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Travel Directory / Oceania / Samoa

Samoa Travel Guide

Samoa is officially named as the Independent State of Samoa, is a small country located in the western part of the South Pacific Ocean. The former names are Samoa from around 1900 to 1919, and from 1917 to 1997 was Western Samoa. Samoa was included to the United Nations on 15 December 1976 as just Samoa. The whole island group, including the American Samoa, was named as Navigators Islands early of 20th century due to the excellent seafaring skills of native Samoans.

Samoa is famous for their fa'a Samoa, or in English is the "traditional Samoan way". Till now it remains as a strong influence in Samoan life and politics. Although it experienced centuries of European clout, Samoa maintains its historical traditions, social and political orders, and language. Native Samoans are a typically welcoming, jovial, open, and good-natured beings who great pride in their culture, beliefs, history, and way of life. The hospitality and generosity of Samoans are extremely famous.

It has two seasons - the dry season, which ranges from May to October and the wet season which starts November to April. The lowest temperature may be in the low 20's and the maximums can go the high 20 celsius (up to 86 Farenheit) all year round. The national language is Samoan, but English is spoken fluently for businesses. In fact a big population of Samoans is competent in English.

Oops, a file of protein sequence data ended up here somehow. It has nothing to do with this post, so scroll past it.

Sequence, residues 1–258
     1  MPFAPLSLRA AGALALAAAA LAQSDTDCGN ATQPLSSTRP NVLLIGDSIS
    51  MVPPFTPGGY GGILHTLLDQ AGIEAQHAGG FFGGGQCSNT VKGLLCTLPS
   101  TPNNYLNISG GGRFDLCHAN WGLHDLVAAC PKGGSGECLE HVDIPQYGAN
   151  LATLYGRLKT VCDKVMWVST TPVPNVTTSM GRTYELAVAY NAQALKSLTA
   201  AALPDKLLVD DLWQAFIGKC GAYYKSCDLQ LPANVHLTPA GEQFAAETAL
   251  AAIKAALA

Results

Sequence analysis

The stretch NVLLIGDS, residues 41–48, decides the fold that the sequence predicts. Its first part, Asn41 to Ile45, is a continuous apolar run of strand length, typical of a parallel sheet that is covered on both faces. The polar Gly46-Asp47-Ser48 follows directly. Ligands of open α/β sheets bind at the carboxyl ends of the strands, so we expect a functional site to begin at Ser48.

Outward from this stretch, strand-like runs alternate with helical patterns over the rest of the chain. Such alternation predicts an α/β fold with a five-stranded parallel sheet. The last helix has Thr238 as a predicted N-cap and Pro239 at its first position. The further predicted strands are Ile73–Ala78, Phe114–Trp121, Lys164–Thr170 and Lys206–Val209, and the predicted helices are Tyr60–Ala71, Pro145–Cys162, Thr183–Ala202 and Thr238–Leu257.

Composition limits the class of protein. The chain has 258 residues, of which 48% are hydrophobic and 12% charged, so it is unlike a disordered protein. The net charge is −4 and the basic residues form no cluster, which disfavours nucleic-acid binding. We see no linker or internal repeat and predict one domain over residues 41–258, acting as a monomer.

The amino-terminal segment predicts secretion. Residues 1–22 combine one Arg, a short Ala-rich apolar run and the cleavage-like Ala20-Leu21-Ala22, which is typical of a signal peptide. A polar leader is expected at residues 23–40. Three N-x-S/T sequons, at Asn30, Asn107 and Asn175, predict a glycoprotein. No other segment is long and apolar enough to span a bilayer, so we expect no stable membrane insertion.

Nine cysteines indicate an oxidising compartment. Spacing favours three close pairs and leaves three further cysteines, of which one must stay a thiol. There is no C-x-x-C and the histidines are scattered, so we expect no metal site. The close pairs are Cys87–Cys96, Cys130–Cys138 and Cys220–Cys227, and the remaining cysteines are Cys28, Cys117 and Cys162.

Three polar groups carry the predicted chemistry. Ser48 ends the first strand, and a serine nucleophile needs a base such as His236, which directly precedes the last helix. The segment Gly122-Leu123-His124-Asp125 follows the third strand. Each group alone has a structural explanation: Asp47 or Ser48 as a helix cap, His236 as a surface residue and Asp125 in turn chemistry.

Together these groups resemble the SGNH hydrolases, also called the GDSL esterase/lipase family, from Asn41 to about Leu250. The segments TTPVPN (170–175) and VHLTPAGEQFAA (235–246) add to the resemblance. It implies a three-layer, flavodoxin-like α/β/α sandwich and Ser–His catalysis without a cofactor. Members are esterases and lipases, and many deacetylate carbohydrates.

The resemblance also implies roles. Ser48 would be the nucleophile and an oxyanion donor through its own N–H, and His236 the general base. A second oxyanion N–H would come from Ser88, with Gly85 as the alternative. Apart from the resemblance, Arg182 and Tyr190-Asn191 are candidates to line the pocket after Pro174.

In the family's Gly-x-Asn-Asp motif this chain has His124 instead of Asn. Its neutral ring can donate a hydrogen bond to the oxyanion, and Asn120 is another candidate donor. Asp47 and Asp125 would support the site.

There is a wide variety of accommodation offered in Samoa. From the traditional beach fale luxurious hotels and resorts to private, self maintained rooms. Whatever a visitor's needs are, there's definitely a place for him to rest depending on his budget.

Upolu is a major island in Samoa, formed by a massive basaltic shield volcano. It rises from the seabed of the western Pacific Ocean. In the Samoan mythology, Upolu is the name of the first woman on the island. By the late 18th to early 19th century, the island was called Ojalava or Ojolava. There are many natural wonders in Opolu. The magnificent Fuipisia Waterfall can be seen by visitors who are willing to pay a fee. Lake Lanotoo is around 2.3 km past the Bahai's temple, and is the entrance to Lanotoo Road. There is a 4WD trail that leads to specific track to Lake Lanotoo. Good walking shoes, long comfortable running pants and water are needed, a guide is also advisable. Lalomanu Crater Walk is the start of a short walk towards a long-extinct volcanic crater. The crater is home to the large population of splendid flying foxes. Le Pupu-Pue National Park is a 29sq km national park created in 1978 in hopes to protect the area from the summits of Mount Fito and Lepu-e.

Savaii Island, the largest island in Samoa, is the most tranquil destinations in the South Pacific. In Savaii you'll find a wide range of sights from lava tubes to volcanic craters, from blowholes to rain forest canopy walks and some wonderful beach settings. In fact, it is the most peaceful place in Samoa.